Managing Conflict in Agile Teams

I recently saw a LinkedIn post from someone who was requesting advice on how to manage conflict on Agile teams. One response was to remove the people who are causing the conflict from the team. That may not be an appropriate solution – some level of conflict is necessary and healthy in a high performance team. A team where everyone always agrees with everyone else on the team would probably not be a very high performance team. In this particular situation, the conflict was occurring over estimation and that’s an area where you certainly want to bring out opposing views and attempt to resolve them rather than suppress them.

The right way to manage conflict on an Agile team is not to try to stifle conflict but to accept some values among the team to listen to the views of others and treat them with respect and consideration if you disagree with them. Each person on the team also needs to put their own ego and emotions aside and instead of focusing on who’s right and wrong, focus on working collaboratively with others towards what is in the best interest of the team and the business. Some times people become argumentative and pursue an argument just to have the last word or try to prove that they’re right and others are wrong – that behavior can be very counter-productive. Having a clearly-defined set of values that everyone on the team agrees to is a good way to minimize that kind of behavior.

I suggest that anyone who wants to learn more about team dynamics do some reading on “Tuckman’s Stages of Group Development”. It’s an excellent model for understanding the stages teams go through in the journey to becoming a high performance team. Here’s a brief summary – Tuckman’s model consists of four stages:

  1. Forming
    “Individual behavior is driven by a desire to be accepted by the others, and avoid controversy or conflict. Serious issues and feelings are avoided, and people focus on being busy with routines, such as team organization, who does what, when to meet, etc. But individuals are also gathering information and impressions – about each other, and about the scope of the task and how to approach it. This is a comfortable stage to be in, but the avoidance of conflict and threat means that not much actually gets done.”
  2. Storming

    “Individuals in the group can only remain nice to each other for so long, as important issues start to be addressed. Some people’s patience will break early, and minor confrontations will arise that are quickly dealt with or glossed over. These may relate to the work of the group itself, or to roles and responsibilities within the group. Some will observe that it’s good to be getting into the real issues, whilst others will wish to remain in the comfort and security of stage 1. Depending on the culture of the organization and individuals, the conflict will be more or less suppressed, but it’ll be there, under the surface. To deal with the conflict, individuals may feel they are winning or losing battles, and will look for structural clarity and rules to prevent the conflict persisting.”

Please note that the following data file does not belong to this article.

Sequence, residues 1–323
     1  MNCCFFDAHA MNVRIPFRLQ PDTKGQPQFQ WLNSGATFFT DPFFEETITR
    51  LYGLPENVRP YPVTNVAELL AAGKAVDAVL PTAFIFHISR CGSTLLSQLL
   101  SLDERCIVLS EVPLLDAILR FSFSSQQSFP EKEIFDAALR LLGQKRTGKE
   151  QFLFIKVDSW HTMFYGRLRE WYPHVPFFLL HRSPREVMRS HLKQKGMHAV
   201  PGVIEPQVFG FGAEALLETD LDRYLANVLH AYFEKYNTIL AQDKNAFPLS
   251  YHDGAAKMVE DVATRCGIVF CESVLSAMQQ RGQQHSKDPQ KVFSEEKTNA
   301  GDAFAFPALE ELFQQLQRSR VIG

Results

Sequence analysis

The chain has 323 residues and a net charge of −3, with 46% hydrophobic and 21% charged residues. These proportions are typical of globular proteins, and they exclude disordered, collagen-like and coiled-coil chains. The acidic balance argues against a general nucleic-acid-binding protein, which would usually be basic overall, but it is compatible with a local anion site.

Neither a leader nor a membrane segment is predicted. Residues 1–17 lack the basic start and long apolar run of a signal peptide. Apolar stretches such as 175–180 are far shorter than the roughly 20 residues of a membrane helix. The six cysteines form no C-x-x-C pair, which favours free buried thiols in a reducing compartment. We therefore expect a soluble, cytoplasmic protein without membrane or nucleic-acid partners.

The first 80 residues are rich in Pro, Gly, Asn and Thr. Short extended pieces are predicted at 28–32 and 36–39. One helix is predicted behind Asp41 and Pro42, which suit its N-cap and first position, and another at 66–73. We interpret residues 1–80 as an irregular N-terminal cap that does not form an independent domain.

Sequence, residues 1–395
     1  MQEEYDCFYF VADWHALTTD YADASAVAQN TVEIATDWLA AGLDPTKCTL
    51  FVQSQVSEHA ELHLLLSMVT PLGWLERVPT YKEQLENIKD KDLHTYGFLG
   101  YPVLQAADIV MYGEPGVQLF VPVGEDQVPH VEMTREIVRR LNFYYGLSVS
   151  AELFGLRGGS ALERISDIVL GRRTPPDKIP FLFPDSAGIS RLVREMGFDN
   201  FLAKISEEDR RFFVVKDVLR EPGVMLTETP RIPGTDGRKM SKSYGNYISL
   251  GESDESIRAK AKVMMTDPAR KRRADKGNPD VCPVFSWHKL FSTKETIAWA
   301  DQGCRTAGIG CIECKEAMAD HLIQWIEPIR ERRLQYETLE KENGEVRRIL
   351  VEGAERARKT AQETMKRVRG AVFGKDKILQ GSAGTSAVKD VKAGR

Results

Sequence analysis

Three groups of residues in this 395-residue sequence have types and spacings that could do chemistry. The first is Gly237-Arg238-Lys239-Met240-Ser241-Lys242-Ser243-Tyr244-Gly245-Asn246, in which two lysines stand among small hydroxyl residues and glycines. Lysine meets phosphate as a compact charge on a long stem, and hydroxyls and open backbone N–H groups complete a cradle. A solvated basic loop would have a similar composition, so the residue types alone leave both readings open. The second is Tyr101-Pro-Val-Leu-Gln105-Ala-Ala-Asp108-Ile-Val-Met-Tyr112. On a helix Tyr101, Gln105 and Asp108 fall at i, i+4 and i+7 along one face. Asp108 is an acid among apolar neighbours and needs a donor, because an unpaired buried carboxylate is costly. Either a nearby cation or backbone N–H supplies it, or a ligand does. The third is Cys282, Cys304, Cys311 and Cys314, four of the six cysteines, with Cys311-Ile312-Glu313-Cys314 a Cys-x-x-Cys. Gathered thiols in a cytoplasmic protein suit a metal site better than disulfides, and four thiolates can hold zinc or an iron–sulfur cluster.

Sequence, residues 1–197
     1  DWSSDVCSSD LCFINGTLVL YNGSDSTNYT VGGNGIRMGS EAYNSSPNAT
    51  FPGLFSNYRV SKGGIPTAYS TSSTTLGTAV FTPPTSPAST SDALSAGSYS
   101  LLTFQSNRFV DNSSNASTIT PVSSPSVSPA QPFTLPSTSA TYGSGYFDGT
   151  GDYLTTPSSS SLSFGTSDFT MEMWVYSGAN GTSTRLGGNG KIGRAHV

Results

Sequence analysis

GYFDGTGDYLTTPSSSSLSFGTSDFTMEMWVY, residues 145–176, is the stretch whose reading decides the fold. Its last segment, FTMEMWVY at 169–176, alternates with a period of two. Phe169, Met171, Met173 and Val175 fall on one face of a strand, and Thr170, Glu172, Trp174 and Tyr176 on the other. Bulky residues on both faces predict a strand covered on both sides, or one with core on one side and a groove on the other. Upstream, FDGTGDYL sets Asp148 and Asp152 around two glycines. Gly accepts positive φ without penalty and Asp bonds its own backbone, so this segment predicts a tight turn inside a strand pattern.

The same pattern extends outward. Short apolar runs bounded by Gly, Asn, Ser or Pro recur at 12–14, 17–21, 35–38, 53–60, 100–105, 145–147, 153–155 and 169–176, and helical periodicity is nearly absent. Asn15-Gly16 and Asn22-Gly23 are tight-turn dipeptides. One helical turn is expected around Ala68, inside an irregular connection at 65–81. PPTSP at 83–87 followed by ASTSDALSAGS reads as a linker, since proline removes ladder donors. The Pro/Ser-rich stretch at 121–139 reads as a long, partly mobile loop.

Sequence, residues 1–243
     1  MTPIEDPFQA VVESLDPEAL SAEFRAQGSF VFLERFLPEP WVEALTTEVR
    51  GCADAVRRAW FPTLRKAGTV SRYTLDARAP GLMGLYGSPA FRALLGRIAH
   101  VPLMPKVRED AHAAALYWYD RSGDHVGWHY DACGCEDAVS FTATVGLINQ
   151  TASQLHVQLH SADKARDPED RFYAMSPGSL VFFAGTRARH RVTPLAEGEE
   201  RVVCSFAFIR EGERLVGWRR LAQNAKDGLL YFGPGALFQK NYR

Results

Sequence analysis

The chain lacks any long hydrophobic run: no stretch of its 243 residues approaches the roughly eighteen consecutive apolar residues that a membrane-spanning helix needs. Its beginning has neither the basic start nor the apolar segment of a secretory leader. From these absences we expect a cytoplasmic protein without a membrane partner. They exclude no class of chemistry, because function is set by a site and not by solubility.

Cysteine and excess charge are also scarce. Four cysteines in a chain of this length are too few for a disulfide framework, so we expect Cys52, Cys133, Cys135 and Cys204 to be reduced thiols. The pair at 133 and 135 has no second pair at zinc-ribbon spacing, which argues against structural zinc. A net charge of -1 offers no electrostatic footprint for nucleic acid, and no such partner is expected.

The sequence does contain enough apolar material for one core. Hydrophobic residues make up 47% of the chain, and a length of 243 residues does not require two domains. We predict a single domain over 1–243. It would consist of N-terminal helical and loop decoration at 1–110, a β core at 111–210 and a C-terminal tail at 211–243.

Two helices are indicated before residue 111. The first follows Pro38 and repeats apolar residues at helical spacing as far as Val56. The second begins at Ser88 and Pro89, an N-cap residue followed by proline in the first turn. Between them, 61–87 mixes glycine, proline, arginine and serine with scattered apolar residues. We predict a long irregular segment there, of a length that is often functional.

3. Norming

    “As Stage 2 evolves, the “rules of engagement” for the group become established, and the scope of the group’s tasks or responsibilities are clear and agreed. Having had their arguments, they now understand each other better, and can appreciate each other’s skills and experience. Individuals listen to each other, appreciate and support each other, and are prepared to change pre-conceived views: they feel they’re part of a cohesive, effective group. However, individuals have had to work hard to attain this stage, and may resist any pressure to change – especially from the outside – for fear that the group will break up, or revert to a storm.”

  4. Performing

    “Not all groups reach this stage, characterized by a state of interdependence and flexibility. Everyone knows each other well enough to be able to work together, and trusts each other enough to allow independent activity. Roles and responsibilities change according to need in an almost seamless way. Group identity, loyalty and morale are all high, and everyone is equally task-orientated and people-orientated. This high degree of comfort means that all the energy of the group can be directed towards the task(s) in hand.”

  5. There are a couple of important things to recognize about this model:

    • You can’t just jump past the “Storming” stage and go right to the “Performing” stage unless the people on the team have a lot of maturity on working in other teams. You have to progress through these stages to some extent to make progress. For that reason, conflict should be viewed as a sign of progress that you’ve moved past the “forming” stage.